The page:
Not much of a goal by some peoples standards, but I can't think of anything more important.

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by maecuff In reply to My death

is a wonderful goal! I only hope I get a granddaughter. I want someone to shop for shoes, makeup and purses with. My stepdaughters were old when I got them and it's too late to get them interested in 'girly' stuff. I have a 3 year old neice who LOVES girly stuff, but she lives 3 hours away and her mother and I (my sister) are barely civil to each other, so that makes it hard.

I'd like to live long enough to watch my kids discover who they are.

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Really makes the other "stuff"

by jdclyde In reply to That

look silly.

Big house, fancy car, trophy wife, (well, I guess that last part isn't TOO silly )

I find I WANT less "stuff" all the time.

Sure, there are many things that are "fun" but none of them bring me the joy I get from just being with my boys. To see them grow up, marry and start families of their own.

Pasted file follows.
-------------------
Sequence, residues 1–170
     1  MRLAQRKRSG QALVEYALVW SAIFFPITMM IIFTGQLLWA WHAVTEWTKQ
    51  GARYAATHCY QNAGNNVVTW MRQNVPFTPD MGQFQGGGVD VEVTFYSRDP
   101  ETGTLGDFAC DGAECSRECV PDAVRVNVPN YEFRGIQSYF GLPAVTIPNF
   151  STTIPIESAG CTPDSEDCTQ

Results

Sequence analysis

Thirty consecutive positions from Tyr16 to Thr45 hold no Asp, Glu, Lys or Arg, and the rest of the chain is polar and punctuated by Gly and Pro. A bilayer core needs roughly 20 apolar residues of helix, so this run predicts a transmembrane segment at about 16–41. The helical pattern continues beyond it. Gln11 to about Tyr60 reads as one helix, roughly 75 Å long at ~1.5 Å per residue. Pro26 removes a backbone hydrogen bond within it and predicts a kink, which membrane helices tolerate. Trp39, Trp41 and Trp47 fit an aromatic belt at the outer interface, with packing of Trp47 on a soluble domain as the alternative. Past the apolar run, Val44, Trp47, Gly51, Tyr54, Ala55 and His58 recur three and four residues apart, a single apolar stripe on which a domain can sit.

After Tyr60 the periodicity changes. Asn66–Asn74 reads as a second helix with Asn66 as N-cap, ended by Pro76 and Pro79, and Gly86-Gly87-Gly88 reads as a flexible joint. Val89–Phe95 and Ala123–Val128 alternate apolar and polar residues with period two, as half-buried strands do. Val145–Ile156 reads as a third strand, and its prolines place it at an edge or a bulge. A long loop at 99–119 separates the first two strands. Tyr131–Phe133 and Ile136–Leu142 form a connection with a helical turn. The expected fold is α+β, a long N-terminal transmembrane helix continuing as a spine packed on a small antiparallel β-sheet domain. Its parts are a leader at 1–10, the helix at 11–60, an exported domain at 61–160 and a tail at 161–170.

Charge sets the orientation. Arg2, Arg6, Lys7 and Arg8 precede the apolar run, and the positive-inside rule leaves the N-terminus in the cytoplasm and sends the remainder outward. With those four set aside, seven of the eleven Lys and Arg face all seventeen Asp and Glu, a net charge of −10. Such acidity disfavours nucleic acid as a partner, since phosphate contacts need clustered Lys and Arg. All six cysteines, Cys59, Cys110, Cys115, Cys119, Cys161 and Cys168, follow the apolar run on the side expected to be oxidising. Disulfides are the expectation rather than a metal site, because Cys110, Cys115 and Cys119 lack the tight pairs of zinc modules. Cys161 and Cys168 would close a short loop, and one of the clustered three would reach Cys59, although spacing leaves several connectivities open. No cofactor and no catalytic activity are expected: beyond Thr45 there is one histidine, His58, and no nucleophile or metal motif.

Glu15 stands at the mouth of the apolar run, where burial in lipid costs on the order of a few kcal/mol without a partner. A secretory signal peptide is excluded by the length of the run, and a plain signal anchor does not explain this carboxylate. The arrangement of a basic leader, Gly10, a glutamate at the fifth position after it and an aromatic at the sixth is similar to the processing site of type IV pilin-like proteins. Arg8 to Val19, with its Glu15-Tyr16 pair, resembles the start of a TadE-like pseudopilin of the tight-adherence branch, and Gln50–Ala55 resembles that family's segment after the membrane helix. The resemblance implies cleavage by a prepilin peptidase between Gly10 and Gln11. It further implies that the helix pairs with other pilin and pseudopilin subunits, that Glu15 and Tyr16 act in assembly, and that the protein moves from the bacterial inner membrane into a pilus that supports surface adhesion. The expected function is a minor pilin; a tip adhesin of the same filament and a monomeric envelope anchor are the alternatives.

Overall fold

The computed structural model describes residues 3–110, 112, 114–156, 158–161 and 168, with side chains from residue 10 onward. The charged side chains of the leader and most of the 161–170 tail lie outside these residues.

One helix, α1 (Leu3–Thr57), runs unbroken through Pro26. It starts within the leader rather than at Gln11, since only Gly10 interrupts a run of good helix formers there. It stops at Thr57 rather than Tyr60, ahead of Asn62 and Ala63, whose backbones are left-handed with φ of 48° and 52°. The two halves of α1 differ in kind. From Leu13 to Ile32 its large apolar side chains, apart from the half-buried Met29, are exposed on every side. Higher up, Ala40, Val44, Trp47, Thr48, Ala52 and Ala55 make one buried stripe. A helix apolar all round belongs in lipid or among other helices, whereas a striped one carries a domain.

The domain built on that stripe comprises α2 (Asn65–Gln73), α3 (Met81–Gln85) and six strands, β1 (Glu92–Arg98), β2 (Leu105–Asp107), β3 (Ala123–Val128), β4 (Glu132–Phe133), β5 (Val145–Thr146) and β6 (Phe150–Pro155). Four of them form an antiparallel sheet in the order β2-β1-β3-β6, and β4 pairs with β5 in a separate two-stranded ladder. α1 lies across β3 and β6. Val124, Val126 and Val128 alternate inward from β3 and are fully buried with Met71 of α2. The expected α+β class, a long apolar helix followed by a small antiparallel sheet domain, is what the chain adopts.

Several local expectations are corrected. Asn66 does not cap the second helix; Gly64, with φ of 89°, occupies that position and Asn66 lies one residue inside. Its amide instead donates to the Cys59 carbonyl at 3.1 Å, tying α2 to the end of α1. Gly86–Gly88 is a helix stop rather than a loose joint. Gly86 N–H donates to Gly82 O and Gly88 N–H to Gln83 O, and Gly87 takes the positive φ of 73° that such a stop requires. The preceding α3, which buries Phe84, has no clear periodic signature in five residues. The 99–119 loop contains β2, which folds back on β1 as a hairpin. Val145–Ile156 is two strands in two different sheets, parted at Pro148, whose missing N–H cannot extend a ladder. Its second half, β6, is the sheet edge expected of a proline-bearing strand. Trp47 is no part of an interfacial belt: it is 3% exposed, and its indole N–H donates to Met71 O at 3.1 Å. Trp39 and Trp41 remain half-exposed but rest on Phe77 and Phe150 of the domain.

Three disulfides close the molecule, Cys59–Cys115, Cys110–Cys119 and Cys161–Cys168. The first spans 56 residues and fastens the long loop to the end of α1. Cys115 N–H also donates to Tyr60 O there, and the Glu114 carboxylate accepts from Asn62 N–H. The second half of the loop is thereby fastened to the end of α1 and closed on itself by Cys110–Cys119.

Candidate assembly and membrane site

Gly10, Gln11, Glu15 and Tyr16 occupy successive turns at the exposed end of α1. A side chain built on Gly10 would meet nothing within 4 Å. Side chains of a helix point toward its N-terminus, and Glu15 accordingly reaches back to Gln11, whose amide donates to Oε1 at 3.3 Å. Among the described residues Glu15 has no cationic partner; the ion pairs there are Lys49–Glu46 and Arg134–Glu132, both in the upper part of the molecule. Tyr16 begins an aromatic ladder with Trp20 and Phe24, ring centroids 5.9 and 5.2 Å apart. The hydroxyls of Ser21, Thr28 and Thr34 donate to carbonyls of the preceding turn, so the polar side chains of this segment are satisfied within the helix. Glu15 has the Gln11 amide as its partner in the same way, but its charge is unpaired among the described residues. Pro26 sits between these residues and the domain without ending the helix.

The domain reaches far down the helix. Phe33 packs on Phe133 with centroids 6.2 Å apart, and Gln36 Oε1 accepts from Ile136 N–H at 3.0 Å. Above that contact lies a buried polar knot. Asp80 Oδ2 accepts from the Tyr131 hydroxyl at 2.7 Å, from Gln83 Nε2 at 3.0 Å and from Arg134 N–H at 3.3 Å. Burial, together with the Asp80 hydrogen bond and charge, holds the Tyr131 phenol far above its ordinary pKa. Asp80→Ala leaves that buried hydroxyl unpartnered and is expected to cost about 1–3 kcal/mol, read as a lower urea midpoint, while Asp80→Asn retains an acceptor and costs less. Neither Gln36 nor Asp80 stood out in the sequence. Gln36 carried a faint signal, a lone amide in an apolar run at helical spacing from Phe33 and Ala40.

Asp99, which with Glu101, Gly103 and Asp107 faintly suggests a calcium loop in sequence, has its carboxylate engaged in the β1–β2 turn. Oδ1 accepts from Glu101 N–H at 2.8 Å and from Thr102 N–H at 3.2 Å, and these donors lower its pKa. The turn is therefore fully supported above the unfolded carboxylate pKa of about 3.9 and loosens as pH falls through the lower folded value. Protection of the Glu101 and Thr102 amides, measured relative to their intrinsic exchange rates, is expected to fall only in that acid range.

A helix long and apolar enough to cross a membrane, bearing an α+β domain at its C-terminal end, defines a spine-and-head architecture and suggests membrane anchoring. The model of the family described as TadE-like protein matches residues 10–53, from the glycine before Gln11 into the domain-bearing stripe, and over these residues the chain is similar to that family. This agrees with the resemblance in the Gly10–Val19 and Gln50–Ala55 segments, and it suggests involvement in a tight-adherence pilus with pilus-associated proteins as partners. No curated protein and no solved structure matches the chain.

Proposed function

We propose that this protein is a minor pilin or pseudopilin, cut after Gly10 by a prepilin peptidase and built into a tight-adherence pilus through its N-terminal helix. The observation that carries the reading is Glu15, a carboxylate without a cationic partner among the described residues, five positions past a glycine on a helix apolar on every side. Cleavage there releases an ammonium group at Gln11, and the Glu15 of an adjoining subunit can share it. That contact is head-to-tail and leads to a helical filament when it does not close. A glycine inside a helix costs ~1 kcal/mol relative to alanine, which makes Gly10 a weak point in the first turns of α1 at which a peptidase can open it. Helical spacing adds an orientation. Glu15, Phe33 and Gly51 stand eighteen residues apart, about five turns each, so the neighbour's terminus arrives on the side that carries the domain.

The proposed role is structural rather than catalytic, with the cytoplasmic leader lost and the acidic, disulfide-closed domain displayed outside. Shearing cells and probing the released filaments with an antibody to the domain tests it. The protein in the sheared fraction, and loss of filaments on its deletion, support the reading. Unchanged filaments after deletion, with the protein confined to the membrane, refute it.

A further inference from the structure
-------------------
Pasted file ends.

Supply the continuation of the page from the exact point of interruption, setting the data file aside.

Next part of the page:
For their 16th birtday, (three years away) I have already picked out the Marlin 30-30 that I will be getting them. It is a much nicer rifle than I would buy myself, but I want them to have something real nice that they can pass down to THEIR kids when THEY turn 16 telling them that their grandpa gave that to them when they were that age. My idea of immortality. To be remembered. They both already idolize the rifle I got from my grandfather and see what it means to me.